Parshos Maasei and Devarim both sport travelogues, of a sort.
Maasei details a stop-by-stop geographic itinerary from the very beginning of yitzias mitzrayim nall the way to the last stop—Abel Shittim in Moav. Rashi counts 42 stops in all, 28 of them in the 38 years of the gezeras meraglim, to explain that the portrayal of Hash-m’s kindness is the purpose if the travelogue and the raison d’etre of the Parsha, if not its name.
Contrast that with the quasi-travelogue detailed at the beginning of Devarim, where the Torah introduces Moshe Rabbeinu’s sefer-long mussar schmooze as an 9-stop shiur, naming places that Rashi points out didn’t even exist under the names delineated. Rather, they were euphemistic references to the commission of a certain monumental communal sin and/or its place of commission [e.g., “Di Zahav”, a nonexistent locale that refers to the chet ha-egel.]
Further highlighting the seeming contrast between the midas ha-rachamim Maasei travelog and the Midas HaDin Devarim travelog is what follows in each parsha: Maasei is a lot more positive, dealing with most of the laws that involve the bordering and governance of Eretz Yisrael; Devarim starts off dealing with why Bnei Yisrael were so delayed in getting there in the first place [see the retelling of the chet hameraglim in 1:22-2:16].
In a sense, one can view the difference in delivery styles: Maasei is G-d’s travelogue, Devarim is Moshe’s. And, theoretically, Sefer Bamidbar [and parshas Maasei] ends with what might be the ultimate inverse of the chet hameraglim: the desire of the benos tzelphcahd for their share in Eretz Yisrael; Sefer Devarim theoretically ends with either a] Moshe telling Bnei Yisrael that “Youre gonna mess up big time” at the end of Parshas Vayeilech, b] Hashem’s rather bloody revenge at the end of the Ha’azinu shira, or c] Moshe’s petira [and Rashi’s reference to “le’enei kol yisrael” as indicative of Moshe’s breaking of the luchos]. All in all—the Maasei travelog is a lot more positive than the Devarim travelog.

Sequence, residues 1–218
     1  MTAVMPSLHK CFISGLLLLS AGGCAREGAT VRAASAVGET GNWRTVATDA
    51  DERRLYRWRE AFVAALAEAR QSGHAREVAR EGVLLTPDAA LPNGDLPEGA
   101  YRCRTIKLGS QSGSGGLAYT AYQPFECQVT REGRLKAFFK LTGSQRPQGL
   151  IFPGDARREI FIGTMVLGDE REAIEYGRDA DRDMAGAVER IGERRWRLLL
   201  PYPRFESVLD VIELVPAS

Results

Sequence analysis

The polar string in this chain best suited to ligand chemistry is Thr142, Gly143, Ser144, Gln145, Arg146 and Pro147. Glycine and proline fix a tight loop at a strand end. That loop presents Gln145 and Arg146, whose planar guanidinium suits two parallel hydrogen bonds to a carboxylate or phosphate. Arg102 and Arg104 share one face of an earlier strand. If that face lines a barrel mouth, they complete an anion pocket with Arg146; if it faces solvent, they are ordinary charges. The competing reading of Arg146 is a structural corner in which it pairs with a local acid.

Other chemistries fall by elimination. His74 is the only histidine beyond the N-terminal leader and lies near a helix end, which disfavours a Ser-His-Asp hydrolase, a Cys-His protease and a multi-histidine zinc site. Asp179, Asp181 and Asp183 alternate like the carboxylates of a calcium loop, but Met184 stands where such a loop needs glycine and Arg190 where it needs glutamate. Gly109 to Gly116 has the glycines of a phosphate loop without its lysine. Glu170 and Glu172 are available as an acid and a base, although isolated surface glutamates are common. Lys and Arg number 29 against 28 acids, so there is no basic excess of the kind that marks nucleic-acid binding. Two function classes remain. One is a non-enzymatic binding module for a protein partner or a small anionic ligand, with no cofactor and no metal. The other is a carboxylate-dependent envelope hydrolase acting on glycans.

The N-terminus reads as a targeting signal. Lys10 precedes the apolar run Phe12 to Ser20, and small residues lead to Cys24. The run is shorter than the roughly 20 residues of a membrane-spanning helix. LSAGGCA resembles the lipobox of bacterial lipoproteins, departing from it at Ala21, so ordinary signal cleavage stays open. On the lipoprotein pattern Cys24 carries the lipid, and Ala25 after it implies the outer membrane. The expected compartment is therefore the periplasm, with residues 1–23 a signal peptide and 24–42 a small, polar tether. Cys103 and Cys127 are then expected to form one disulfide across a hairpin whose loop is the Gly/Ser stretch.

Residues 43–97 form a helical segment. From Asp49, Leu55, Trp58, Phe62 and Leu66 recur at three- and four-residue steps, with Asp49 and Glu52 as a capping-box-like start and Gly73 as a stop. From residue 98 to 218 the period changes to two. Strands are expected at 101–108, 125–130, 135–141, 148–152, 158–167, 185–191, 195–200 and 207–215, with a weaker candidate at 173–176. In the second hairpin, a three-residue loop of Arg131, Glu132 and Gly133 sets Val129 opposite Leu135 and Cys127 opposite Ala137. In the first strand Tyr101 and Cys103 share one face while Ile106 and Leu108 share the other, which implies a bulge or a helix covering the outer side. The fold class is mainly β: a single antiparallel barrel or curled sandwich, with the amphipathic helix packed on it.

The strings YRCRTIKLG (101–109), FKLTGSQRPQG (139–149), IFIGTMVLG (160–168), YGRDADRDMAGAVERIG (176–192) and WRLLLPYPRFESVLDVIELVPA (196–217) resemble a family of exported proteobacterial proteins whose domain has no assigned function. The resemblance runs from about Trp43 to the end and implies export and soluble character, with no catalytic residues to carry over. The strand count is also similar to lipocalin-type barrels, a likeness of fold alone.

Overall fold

I would suggest that the approaches might stem simply from the very names of the sefarim, albeit in an almost counterintuituve manner. Much has been said about the dor hamidbar, specifically in this case how they were able to do [almost] nothing but learn for almost 40 years in the desert where the Eibishter really did provide. Everything. Hence, Bamidbar.
Devarim is a reality check of sorts, as the entrance in the land is about to commence and the direct provenance is about to come to an end. Moshe starts off the proceeding by saying, in effect, you guys has it so arguably easy for all this time, and see what kind of mistakes you made; what’s going to happen when you are not only responsible for a] your own provenance but b] each others behavior [becoming “arevin zeh lazeh” with the crossing of the Yarden? Boy, are you in trouble.
I would also suggest that the undercurrent of the Devarim versus Bamidbar approach is that life is a lot more like Devarim than Bamidbar, for two specific reasons. One, that real spiritual growth and challenge is less dependent on a 100% “Eibishter-will-provide” lifestyle [draw your own conclusions; and two, that despite appearances, it isn’t necessarily the better of the two; hence Moshe’s admonition of how things weren’t necessarily so great when they ostensibly were so good.
These are the best of times.